A neoprene brace is a piece of support gear commonly used on elbows, knees, ribs and other flexible body parts. A neoprene brace may be prescribed by a doctor or a recommended by friend, family member or coach. They are made out of a special rubber material and can be easily purchased online or at a drugstore or sporting goods store. Neoprene braces are a popular option when a part of the body needs both support and flexibility.
One common type of neoprene brace is a knee brace. This type of brace often slides over the foot and past the calf muscle before being strapped around the knee cap. In most instances, a neoprene brace for the knee has a hole or opening that allows the kneecap to be exposed. Some common conditions that call for a neoprene knee brace are patellar femoral pain, arthritis, patella tendinitis and chondromalacia.
Another common type of neoprene brace is an elbow brace. The two common injuries that benefit from a neoprene elbow brace are hyperextension of the elbow and lateral epicondylitis, which is commonly referred to as tennis elbow. Like a neoprene brace for the knee, an elbow brace slides over the hand and up the arm to settle into place, or it can be strapped around the elbow.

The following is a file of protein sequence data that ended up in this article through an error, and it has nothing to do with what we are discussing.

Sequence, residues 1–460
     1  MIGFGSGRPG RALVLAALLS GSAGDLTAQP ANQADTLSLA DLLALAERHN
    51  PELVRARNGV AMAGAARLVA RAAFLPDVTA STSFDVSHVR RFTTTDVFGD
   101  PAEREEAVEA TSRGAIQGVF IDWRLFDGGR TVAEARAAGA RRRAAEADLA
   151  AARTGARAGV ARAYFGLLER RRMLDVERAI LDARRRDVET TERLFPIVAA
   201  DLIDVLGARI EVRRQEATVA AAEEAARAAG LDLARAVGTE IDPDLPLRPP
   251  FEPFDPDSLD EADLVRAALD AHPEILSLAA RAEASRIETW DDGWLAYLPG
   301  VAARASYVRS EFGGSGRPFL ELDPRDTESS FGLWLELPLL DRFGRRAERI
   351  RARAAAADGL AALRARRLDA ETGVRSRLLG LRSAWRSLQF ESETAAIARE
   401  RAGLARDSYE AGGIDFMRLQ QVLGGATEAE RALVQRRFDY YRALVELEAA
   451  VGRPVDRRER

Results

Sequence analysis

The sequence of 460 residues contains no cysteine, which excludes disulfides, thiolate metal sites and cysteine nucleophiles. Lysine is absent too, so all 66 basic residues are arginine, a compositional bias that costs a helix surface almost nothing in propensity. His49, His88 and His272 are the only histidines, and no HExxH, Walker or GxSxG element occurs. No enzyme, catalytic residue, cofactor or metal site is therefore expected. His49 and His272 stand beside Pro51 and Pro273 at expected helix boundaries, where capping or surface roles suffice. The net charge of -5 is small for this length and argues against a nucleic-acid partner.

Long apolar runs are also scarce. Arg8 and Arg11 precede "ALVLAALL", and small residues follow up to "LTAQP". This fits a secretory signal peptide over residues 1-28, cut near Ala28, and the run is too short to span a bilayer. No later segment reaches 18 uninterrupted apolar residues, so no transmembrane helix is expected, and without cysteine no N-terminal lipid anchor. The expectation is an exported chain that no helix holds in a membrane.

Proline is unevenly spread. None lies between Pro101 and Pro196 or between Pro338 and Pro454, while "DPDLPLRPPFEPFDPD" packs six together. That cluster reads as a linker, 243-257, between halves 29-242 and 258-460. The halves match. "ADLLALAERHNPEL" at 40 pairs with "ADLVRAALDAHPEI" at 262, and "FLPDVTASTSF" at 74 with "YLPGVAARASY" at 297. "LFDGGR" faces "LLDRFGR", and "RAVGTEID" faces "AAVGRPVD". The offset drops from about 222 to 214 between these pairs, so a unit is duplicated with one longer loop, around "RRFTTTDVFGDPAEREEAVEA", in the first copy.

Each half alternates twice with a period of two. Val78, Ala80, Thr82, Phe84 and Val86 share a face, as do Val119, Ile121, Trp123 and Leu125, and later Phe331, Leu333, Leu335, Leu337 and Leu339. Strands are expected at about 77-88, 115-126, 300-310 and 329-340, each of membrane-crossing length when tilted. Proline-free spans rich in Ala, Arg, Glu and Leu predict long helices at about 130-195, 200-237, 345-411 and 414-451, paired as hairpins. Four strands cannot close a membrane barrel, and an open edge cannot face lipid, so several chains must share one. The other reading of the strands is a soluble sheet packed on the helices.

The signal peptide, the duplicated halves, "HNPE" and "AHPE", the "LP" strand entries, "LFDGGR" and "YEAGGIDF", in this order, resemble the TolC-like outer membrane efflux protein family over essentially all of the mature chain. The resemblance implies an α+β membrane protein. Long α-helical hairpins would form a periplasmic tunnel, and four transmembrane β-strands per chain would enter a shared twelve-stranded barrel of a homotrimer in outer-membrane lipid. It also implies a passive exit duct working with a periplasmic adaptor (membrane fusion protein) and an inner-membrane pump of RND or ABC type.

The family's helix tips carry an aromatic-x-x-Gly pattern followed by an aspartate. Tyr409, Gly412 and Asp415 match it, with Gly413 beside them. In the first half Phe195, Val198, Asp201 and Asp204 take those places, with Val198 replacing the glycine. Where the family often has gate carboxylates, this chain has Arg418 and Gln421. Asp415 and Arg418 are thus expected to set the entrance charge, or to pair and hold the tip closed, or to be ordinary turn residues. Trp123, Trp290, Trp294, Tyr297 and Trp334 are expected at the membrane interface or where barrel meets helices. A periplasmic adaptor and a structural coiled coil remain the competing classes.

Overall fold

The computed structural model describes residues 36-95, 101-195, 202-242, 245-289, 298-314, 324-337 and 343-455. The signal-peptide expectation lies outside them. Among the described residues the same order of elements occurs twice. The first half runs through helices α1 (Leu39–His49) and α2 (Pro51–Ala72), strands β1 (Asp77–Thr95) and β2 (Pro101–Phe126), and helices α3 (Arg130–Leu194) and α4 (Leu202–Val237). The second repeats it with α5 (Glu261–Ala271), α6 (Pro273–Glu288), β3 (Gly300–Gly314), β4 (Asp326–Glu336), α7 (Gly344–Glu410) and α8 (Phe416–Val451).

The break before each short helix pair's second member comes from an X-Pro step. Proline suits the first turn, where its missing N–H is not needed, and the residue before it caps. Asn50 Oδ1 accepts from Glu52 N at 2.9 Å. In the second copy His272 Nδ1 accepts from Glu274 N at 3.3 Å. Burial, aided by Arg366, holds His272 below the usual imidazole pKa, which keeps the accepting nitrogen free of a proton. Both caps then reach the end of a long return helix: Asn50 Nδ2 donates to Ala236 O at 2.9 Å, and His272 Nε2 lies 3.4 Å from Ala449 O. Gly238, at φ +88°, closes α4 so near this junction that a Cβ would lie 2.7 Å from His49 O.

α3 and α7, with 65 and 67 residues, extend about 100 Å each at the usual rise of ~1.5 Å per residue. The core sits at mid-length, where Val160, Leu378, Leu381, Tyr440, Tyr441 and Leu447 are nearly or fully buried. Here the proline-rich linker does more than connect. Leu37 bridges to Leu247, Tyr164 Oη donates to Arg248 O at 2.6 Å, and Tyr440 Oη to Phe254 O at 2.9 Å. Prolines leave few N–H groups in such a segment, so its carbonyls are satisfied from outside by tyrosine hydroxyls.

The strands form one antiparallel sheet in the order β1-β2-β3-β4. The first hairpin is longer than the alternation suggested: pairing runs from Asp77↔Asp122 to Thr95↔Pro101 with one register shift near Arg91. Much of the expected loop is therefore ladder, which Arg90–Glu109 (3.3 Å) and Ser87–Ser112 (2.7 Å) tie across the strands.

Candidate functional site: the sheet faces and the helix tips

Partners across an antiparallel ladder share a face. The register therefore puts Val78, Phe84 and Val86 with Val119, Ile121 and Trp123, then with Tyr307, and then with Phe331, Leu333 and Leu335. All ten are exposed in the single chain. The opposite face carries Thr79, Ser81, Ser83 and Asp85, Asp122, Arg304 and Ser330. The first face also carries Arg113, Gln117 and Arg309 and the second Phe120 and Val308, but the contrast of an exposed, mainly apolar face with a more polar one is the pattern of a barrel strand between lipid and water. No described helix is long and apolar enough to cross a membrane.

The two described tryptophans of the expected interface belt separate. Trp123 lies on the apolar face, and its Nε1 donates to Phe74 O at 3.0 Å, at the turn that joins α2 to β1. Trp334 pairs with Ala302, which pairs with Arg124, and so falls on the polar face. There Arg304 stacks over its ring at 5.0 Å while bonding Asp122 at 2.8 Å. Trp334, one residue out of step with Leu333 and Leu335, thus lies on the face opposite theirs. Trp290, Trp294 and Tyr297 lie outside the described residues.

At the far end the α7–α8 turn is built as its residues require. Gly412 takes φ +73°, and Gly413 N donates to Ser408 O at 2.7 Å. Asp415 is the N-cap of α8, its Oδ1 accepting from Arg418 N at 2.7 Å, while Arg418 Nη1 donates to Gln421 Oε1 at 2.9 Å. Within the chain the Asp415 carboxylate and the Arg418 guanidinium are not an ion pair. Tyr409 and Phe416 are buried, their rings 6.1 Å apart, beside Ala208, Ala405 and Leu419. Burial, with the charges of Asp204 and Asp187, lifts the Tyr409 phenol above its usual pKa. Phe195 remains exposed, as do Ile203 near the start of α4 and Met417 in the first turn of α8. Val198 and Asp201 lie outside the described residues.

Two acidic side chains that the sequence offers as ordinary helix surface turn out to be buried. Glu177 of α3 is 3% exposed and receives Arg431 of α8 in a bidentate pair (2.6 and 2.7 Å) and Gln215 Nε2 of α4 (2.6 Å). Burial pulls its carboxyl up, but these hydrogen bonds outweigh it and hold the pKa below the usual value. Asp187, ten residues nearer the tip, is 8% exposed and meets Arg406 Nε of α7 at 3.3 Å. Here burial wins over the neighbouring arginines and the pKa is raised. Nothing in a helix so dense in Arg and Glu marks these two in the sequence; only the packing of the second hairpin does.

Neoprene braces are not for everyone. People who are much larger or much smaller than the size indicated on the packaging should not wear neoprene braces. Wearing a brace that is too tight can restrict circulation or movement, while one that is loose will not provide enough support. A neoprene brace should not be worn over any type of open wound, rash or abrasion, because the neoprene fibers can irritate the skin and prevent the abrasion from healing.
Neoprene braces are often used for sports events or other sweat-inducing activities, so it is important to know how to properly care for and wash your neoprene brace. First, clean and fill your sink with warm soapy water. Next, allow your brace to soak in the water for 25 to 30 minutes. Scrub the brace gently with your hands, rinse it, and then hang it to dry inside.
While the benefits of using a neoprene brace are apparent and widely studied, there are some precautions to note. Neoprene contains trace amounts of lead, which is toxic to the kidneys and reproductive system. While this warning should be taken seriously, it should also be noted that the small amount of lead in neoprene is not considered substantial enough to cause physical harm. Those with a sensitivity to any of the materials or chemicals in neoprene should avoid using neoprene braces.